How to choose the ultimate Apple ultra-portable for you!
For the first time Apple has an iPad that's close to a Mac and a Mac that's close to an iPad: The iPad Pro and new MacBook. The iPad Pro runs iOS 9 on an Apple A9X processor. The MacBook runs OS X El Capitan on an Intel M. Both can are ideal for planes and coffee shops, classrooms and conferences, home and office. But which one is better for you?
Models and price points
The iPad Pro starts at $799 for for 32 GB with Wi-Fi and goes up to $1079 for 128 GB with Wi-Fi and LTE. The processor stays constant at the Apple A9X. The Apple Pencil runs an additional $99 and the Smart Keyboard, $129.
The MacBook starts at $1299 for a 1.1 GHz processor and goes up to $1749 for a 1.3 GHz processor. Storage stays constant at 256 GB and there's only a Wi-Fi option.
While the MacBook is technically more expensive, adding all the accessories brings the fully loaded iPad Pro right up to the entry level MacBook price point.
Screen sizes and display densities
The iPad Pro has a 4:3 aspect ratio, 12.9-inch, 2732x2048 Retina display at 264ppi. That's the largest iOS display Apple has ever shipped. Though it's not quite as dense as the iPad mini, much less the iPhone 6s Plus, the larger size means you'll likely hold it slightly further away, making it effectively equal. The panel is LED backlit and boasts in-plane switching (IPS) technology for improved viewing angles. It's also laminated with a new anti-glare coating and sports a new variable refresh rate, making it one of Apple's most advanced displays ever.
The MacBook has a 16:10 aspect ratio, 12-inch, 2304x1440 Retina display at 226ppi. It's got larger apertures in each pixel and an LED backlight designed for maximum energy efficiency.
Physically, the iPad Pro doesn't just have a bigger screen than the MacBook, it has many more pixels and a slightly higher density.
Processor power and battery life
The iPad Pro has Apple's newest A9X system-on-a-chip (SoC), which includes both the custom 64-bit ARMv8-based Twister CPU a multicore Imagination PowerVR GPU. It's also got an M9 motion-coprocessor and Apple lists it as having up to 10 hours of wireless web use or video playback.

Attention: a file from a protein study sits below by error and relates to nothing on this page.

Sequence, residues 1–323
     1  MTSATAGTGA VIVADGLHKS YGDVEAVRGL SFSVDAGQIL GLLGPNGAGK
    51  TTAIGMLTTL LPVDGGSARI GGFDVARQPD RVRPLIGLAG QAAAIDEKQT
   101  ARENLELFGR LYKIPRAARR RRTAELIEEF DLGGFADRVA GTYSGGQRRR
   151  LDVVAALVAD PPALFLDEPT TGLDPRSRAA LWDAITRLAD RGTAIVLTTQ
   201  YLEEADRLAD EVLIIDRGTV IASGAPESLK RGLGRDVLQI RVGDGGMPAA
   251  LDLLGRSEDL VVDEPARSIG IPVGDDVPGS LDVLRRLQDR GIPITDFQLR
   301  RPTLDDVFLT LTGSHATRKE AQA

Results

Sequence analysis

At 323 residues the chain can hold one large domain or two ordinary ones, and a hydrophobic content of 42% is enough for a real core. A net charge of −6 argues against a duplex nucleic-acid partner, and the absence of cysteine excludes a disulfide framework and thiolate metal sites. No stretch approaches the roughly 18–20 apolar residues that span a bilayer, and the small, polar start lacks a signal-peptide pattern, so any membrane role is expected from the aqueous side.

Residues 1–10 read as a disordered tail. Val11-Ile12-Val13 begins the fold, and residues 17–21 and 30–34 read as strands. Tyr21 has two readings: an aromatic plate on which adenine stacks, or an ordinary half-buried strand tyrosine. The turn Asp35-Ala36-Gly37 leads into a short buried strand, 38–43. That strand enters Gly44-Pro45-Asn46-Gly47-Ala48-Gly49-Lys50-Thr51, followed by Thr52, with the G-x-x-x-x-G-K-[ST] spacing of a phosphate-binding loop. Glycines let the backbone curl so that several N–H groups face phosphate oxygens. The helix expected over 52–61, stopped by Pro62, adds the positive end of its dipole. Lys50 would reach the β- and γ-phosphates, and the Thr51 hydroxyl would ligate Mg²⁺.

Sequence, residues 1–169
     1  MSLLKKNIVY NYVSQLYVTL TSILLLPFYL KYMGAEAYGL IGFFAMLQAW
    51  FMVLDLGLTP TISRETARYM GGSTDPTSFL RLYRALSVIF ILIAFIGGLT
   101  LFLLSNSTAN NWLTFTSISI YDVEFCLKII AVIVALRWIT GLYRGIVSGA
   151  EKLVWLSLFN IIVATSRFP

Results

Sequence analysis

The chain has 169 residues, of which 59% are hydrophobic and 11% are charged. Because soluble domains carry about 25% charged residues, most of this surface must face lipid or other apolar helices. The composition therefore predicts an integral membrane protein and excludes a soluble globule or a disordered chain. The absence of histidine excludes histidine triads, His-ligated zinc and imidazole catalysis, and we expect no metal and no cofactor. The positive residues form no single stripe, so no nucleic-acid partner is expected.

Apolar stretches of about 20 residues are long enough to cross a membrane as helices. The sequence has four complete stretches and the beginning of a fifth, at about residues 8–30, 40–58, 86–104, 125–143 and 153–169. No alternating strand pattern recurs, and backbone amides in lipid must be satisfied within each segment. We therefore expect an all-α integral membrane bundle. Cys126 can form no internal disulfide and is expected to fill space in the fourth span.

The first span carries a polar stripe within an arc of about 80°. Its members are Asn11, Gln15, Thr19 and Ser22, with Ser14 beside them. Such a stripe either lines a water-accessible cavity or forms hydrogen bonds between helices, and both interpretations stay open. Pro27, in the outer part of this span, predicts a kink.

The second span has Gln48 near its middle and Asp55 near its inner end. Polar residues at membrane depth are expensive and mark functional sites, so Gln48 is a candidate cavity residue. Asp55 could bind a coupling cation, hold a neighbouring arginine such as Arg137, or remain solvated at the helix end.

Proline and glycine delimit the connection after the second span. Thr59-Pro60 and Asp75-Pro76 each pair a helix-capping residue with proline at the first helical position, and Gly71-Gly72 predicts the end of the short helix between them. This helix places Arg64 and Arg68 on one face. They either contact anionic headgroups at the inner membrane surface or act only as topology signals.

The MacBook has a dual-core Intel Core M (Broadwell Y) processor with integrated Intel HD Graphics 5300. Apple lists it as having up to 10 hours of wireless web use and 9 hours of video playback.
On some benchmarks, the iPad Pro might beat the MacBook, but overall it's going to be a fair if back-and-forth fight.
The iPad Pro has a multitouch display that's used for direct manipulation. You can tap, swipe, pinch, and otherwise gesture your way though the entire operating system and all of its apps. For text input, it has a virtual, predictive keyboard. There's also an optional Apple Pencil that can handle pressure sensitivity and even tilt, and a Smart Connector for direct keyboard integration.
The MacBook has a Force Touch trackpad with support for Force Click and gestures, allowing for more subtle and powerful interactions. It also has a built-in full-size keyboard with new butterfly switches.
You can add a keyboard to the iPad Pro and get close to a MacBook experience. You can't add a capacitive display to the MacBook.
Ports and expansion
The iPad Pro has a Lightning connector. With it, you can use adapters (sold separately) to interface with non-powered USB devices, principally cameras and SD cards, principally to retrieve photos. It can also connect to VGA and HDMI displays, and iPad-specific accessories for video, music, and more.
The MacBook has a USB-C connector. With it, you can use USB-C peripherals, or adapters for USB-A, VGA, and HDMI, to connect to almost any standard computer peripheral.
Although it has the fewest ports and expansion options of any Mac ever, the MacBook still has greater access to peripherals than the iPad Pro.